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## Basic geometry and measurement

### Course: Basic geometry and measurement > Unit 3

Lesson 5: Measuring angles# Constructing angles

CCSS.Math:

Sal uses a protractor to create 10° and 155° angles. Created by Sal Khan.

## Want to join the conversation?

- who invented the protractor?(22 votes)
- Joseph Huddart invented the protractor. I looked it up :)(8 votes)

- Angles as we know it can go up to 360, 540 and so on. But can there be a negative angle?(15 votes)
- Yes. Positive angles are measured counterclockwise, starting at Quadrant 1 in the Coordinate plane.

Negative angles are measured clockwise, so, for example, an angle of - 30 degrees would be the same size as an angle of + 30 degrees, but would lie in Quadrant 4 instead of Quadrant 1.(11 votes)

- I know how to use the protractor. I'm giving the correct answer but It's showing wrong(6 votes)
- ya miscalculated i'll help you right after i get my last black hole bage(0 votes)

- i need some vote pls(4 votes)
- Is there a 4 sided shape with 3 right angles?(2 votes)
- who invented angls(3 votes)
- is it possible to measure a 3d shape?(3 votes)
- Yes it is! For a three dimensional shape, (consider a sphere or ball) you can measure its volume, you can measure its diameter, and you can measure its circumference. You can also measure its weight or mass.(1 vote)

- how do I beat khan academy?(3 votes)
- Would a zero degree angle be a ray?(3 votes)
- AZsxdfgfhghkuyftvbhhj(1 vote)

## Video transcript

We're asked to construct
a 10 degree angle. So we have this
little angle tool here that we can use
to construct an angle. So just like that. And then they give
us a protractor to actually measure the angle. So let's set it up. Let's put the protractor here. Let's put the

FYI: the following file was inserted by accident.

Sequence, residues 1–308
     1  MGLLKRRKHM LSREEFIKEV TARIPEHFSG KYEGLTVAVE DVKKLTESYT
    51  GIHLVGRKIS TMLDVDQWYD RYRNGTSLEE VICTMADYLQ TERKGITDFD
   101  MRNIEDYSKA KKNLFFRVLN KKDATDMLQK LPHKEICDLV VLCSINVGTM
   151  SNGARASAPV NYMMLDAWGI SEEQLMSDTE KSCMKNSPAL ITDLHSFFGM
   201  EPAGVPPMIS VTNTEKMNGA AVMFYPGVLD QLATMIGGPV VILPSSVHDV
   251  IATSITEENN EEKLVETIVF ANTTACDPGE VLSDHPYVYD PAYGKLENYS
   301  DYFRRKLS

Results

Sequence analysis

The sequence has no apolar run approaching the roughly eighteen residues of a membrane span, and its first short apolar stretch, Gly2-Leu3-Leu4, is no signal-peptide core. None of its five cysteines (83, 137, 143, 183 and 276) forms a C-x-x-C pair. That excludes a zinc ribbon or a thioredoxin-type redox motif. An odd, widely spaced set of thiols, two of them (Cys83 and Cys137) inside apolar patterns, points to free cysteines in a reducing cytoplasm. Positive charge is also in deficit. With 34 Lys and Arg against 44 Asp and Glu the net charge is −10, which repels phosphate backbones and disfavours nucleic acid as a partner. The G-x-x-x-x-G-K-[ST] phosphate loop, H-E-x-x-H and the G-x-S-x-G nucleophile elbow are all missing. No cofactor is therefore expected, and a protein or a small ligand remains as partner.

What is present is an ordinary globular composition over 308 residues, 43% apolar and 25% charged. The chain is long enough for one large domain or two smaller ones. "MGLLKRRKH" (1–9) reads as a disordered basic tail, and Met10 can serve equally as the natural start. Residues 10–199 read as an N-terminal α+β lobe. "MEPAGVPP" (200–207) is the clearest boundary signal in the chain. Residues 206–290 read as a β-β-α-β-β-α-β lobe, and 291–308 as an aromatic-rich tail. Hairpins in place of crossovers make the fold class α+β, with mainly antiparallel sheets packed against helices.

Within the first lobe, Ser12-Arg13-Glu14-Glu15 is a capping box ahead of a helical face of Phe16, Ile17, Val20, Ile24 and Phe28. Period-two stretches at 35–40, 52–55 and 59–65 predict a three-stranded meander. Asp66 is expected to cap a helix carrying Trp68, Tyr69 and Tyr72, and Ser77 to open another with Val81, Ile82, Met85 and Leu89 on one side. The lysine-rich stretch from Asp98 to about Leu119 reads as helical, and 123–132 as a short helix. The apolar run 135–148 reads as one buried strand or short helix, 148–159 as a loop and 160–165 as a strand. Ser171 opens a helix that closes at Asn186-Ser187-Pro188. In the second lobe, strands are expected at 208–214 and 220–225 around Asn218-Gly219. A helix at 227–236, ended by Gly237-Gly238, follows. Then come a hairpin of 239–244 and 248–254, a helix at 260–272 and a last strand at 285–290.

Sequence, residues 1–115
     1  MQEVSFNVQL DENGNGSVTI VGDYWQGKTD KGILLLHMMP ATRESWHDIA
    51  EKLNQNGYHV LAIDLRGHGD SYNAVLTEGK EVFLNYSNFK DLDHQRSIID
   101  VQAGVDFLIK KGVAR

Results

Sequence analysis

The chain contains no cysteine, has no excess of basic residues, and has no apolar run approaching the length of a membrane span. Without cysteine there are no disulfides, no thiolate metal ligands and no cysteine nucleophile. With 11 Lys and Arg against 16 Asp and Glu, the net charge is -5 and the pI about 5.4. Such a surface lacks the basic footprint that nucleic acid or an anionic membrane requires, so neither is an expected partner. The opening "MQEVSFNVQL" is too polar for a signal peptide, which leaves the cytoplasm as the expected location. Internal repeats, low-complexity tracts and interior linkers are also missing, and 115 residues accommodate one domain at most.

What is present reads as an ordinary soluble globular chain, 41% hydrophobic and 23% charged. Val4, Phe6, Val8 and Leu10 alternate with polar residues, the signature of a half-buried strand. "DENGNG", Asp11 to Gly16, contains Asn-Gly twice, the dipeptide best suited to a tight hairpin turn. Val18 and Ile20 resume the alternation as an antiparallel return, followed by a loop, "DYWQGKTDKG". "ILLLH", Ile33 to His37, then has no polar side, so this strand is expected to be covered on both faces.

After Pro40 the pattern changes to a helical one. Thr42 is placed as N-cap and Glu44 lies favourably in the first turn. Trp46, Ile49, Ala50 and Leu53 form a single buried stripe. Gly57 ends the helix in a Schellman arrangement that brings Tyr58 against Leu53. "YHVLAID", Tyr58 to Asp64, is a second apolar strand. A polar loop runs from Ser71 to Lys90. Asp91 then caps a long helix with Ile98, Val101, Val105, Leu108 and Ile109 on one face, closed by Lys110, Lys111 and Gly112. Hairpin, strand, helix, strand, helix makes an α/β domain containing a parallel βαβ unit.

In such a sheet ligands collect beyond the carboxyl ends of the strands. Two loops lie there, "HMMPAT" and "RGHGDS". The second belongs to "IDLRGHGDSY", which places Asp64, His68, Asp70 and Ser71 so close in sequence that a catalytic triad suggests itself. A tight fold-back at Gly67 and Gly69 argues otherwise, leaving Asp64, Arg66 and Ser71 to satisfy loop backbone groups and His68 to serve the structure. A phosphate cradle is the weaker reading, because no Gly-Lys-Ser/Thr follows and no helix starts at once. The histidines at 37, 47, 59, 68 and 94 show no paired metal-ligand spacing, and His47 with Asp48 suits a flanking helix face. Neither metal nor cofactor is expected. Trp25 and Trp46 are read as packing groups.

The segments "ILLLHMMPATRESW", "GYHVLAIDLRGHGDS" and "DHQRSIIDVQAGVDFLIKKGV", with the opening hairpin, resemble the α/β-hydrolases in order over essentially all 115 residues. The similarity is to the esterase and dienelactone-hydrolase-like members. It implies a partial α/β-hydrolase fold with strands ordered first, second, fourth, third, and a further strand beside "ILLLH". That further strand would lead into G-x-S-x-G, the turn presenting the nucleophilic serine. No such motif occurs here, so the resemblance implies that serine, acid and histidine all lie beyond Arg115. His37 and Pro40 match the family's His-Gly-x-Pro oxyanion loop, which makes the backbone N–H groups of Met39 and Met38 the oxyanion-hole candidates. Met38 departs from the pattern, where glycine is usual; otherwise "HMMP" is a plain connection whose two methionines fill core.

vertex of the angle at the center of the protractor,
in other words, center the protractor at the
center of the vertex. Looks like the protractor's
a little bit easier to manipulate. So let's do that there. Now let's put one of the
rays here at 0 degrees. And now I'm going to put
the other ray at 10 degrees. And it looks like I am done. I have constructed
a 10 degree angle. And you want to be
careful here when you use this tool because
the angle in question-- let me move the protractor show
you what I'm talking about-- that this right over here is the
angle that we're talking about. If I'd switched these two rays,
the way the tool is set up, it might have
interpreted the angle as this outer angle
right over here. So be careful to look at which
angle we're actually measuring. But this looks like I
did the 10 degree angle. So let me check my answer. And just to be clear
what I'm talking about. If you did the 10
degree angle like this, then it definitely would
have marked it wrong even though the interior angle
right over here or this angle right here might be 10 degrees. The way the tool is set up,
you see from this circle, that it thinks that you're
looking at this outer angle. So it's important to
make sure, at least for the sake of this
exercise, that the system, that the computer
program knows which angle you're going
to talk about. Let's do one more of these. 155 degree angle. And this one's
interesting because this is an obtuse angle. So once again, let
us put the protractor at the vertex of the angle. So just like that. And now that seems pretty good. Now let's take one ray
and put it at 0 degrees, and then let's take the
other one and put it at 155. So once again, 10, 20,
30, 40, 50, 60, 70, 80, 90-- that gets us
to a right angle. Then we'll start getting into
obtuse angles, 100, 110, 120, 130, 140, 150. And just to make
sure that blue arc is measuring this angle right
over here, not the outer one. And let me move the
protractor out of the way so we can get a good look at it. And we got it wrong. So let's see what we--
oh, 155 degree angle, not 150 degree angle. Let me fix that. 155 degree angle. Now we got it right.